April 16, 2016 - 1:30 PM
PENTICTON - After becoming the first building of its size in the region to receive LEED Platinum certification, The Jim Pattison Centre of Excellence in Sustainable Building Technologies and Renewable Energy Conservation has been named the most sustainable post-secondary building in the country.
The Centre of Excellence at Okanagan College in Penticton earned the top honour – Gold – in the university and college buildings category of the 2016 Green Buildings Review, a recent ranking of Canada’s greenest buildings.
“This latest recognition for the Jim Pattison Centre of Excellence is heartening for us because it re-affirms the high level of sustainability we have been able to achieve and maintain since the building opened in 2011,” says Okanagan College President Jim Hamilton.
“Sustainability is deeply rooted in our core values, and this ranking will challenge us as an institution to continue to push the envelope in providing our students with learning environments that embody and inspire innovation.”
The review was released in March by Corporate Knights magazine, a nationally distributed publication focused on corporate ethics. It identified Canada’s dozen greenest buildings, as selected by a panel of building industry experts.
In order to earn a spot in the top 12, the Centre of Excellence at the College’s Penticton campus first had to land on a shortlist of 22 leading facilities whittled down from an original pool of 200. Judges awarded distinctions of Gold, Silver, and Bronze to the greenest buildings in each of four categories: universities and college buildings, hospitals, office buildings, and other public buildings.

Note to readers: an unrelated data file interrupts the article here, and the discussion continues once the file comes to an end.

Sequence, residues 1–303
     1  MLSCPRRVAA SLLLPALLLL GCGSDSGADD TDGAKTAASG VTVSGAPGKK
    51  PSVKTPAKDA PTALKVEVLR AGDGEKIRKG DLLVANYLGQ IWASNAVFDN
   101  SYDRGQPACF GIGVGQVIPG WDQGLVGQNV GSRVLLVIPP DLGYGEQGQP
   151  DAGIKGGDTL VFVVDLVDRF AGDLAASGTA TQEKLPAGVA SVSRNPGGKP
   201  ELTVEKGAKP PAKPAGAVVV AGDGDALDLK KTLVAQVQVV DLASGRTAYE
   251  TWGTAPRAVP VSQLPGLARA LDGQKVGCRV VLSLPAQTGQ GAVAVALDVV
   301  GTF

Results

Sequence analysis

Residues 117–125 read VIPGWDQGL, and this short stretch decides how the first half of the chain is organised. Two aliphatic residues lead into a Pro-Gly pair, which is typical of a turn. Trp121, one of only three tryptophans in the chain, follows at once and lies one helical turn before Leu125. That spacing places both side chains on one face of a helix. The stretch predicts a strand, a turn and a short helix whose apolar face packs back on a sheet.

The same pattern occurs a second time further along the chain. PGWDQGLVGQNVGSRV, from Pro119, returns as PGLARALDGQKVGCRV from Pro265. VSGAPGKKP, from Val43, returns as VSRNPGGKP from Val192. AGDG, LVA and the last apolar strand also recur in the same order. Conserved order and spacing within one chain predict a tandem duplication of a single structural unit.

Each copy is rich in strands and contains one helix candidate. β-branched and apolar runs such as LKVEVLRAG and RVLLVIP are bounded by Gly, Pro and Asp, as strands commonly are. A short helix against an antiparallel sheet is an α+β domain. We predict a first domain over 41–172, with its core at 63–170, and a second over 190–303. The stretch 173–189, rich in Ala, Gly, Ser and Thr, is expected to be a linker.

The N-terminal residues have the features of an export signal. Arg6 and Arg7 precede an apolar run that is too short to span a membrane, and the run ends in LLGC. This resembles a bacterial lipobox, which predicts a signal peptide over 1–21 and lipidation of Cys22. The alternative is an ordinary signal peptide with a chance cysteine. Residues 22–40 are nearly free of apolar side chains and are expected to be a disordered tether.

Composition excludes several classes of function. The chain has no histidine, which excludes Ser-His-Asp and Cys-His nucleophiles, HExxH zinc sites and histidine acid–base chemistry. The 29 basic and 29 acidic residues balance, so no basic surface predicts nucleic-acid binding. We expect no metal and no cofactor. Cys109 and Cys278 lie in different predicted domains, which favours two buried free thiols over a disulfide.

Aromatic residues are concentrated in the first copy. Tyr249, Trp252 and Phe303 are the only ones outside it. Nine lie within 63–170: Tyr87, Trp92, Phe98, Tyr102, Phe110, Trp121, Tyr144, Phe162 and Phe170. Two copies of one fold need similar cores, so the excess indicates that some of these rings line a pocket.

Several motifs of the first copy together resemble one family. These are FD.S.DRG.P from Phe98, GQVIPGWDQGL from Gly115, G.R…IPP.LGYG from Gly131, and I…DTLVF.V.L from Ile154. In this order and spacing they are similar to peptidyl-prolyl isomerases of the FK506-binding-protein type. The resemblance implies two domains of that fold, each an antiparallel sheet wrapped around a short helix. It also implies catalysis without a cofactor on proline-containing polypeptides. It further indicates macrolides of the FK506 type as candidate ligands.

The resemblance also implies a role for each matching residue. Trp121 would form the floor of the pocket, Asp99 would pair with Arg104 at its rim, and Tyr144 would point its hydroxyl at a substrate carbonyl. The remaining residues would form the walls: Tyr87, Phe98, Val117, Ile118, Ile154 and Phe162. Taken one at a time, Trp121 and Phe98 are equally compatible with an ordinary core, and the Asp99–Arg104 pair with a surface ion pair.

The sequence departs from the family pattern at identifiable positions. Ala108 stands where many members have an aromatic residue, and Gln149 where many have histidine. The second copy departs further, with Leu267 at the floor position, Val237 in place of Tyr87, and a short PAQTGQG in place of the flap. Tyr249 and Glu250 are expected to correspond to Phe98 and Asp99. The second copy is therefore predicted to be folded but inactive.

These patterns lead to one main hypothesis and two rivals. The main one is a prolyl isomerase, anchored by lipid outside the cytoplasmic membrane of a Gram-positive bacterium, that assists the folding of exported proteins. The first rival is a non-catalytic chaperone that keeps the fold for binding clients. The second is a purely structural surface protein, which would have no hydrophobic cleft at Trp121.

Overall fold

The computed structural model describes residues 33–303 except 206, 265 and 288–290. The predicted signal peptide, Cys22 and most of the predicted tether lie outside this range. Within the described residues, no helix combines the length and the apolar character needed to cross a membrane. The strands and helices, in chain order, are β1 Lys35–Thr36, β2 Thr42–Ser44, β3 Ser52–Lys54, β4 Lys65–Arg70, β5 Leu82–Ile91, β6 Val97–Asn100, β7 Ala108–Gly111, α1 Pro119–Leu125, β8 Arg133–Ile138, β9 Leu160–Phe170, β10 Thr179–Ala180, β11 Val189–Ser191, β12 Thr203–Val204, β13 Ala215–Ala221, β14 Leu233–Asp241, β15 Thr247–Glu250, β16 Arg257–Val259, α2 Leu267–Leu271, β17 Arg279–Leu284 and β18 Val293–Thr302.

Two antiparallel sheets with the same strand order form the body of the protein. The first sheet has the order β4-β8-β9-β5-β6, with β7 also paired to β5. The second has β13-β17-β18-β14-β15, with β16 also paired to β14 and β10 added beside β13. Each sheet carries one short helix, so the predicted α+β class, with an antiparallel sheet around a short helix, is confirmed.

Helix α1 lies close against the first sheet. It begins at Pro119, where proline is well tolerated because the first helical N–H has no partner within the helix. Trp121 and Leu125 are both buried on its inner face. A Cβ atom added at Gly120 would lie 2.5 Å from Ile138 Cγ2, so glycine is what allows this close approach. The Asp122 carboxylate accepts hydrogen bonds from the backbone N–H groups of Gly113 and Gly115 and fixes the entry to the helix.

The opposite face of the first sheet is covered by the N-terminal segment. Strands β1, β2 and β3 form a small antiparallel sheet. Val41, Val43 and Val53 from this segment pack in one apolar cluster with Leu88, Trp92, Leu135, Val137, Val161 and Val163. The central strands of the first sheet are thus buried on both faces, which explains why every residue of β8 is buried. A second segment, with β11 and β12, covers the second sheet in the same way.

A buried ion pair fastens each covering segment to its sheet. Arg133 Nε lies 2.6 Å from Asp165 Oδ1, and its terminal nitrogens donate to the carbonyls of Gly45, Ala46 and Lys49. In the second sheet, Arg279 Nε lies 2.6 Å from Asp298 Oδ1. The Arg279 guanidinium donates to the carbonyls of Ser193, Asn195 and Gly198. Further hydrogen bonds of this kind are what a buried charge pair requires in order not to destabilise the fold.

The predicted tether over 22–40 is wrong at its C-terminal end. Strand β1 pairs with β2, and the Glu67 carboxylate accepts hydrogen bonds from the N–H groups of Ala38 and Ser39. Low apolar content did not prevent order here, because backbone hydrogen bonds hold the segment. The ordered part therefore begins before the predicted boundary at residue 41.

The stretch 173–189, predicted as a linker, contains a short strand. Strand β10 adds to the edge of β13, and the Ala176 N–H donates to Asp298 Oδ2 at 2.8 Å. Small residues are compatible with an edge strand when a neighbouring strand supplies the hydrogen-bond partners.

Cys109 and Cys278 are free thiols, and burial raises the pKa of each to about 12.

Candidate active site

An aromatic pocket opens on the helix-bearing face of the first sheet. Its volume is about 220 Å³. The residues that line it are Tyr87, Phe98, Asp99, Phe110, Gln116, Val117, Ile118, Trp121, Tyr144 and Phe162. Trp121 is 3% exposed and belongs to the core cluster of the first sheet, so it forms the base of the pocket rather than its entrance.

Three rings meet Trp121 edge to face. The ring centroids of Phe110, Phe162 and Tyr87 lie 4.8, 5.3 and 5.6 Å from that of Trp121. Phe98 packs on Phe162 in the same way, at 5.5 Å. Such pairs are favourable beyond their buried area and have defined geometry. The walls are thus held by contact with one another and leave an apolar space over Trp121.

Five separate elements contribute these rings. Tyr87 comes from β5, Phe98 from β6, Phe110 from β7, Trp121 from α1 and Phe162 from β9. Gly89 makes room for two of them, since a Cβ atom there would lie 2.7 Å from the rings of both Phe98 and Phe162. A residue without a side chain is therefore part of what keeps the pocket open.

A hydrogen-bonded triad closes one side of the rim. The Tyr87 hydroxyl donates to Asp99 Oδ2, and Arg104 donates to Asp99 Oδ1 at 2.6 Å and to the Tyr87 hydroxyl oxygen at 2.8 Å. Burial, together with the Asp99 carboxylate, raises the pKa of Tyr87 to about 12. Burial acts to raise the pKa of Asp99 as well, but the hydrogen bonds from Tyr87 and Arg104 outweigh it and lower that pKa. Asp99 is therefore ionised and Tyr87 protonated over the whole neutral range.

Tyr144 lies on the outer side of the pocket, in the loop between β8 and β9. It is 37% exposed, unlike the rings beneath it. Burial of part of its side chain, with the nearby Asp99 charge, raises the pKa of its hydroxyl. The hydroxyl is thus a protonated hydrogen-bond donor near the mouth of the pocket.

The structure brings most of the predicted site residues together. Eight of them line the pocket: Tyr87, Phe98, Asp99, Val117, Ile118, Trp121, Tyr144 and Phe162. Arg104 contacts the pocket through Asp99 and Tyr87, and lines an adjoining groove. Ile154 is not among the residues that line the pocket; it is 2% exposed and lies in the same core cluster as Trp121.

Okanagan College faced strong competition in its category. UBC’s Centre for Interactive Research on Sustainability in Vancouver was awarded Silver, and Dalhousie’s Mona Campbell Building received the Bronze award.
“It is a great source of pride for our students and staff that our facility stands among other leaders in the post-secondary sector, and among buildings in much larger centres,” says Donna Lomas, Okanagan College’s Regional Dean of the South Okanagan-Similkameen.
“We could not be more pleased with the way the building has attracted people here to learn, work, and collaborate—from students and staff, to members of the community, to visitors from all over the world.”
This most recent accolade adds to a growing list of provincial, national, and international recognition garnered by the building for its achievements in sustainability. It was one of only three buildings in North America to be featured by the New York Times as examples of carbon-neutral post-secondary facilities.
The College received LEED Platinum certification in June 2015. A ceremony was held this past February to unveil the official Platinum plaque bestowed upon the College by the Canada Green Building Council. LEED stands for Leadership in Energy and Environmental Design. It is globally recognized as a means of assessing green building practices and outcomes. Platinum is the highest LEED certification that can be achieved.
The Jim Pattison Centre of Excellence opened in 2011, and was jointly funded by the federal and provincial governments along with more than $9 million in community contributions. Since the opening of the building, continued community support has also helped to launch new programs and create additional support for students at the Penticton campus.
Read the full results of the 2016 Green Building Review here.
News from © InfoTel News Ltd, 2016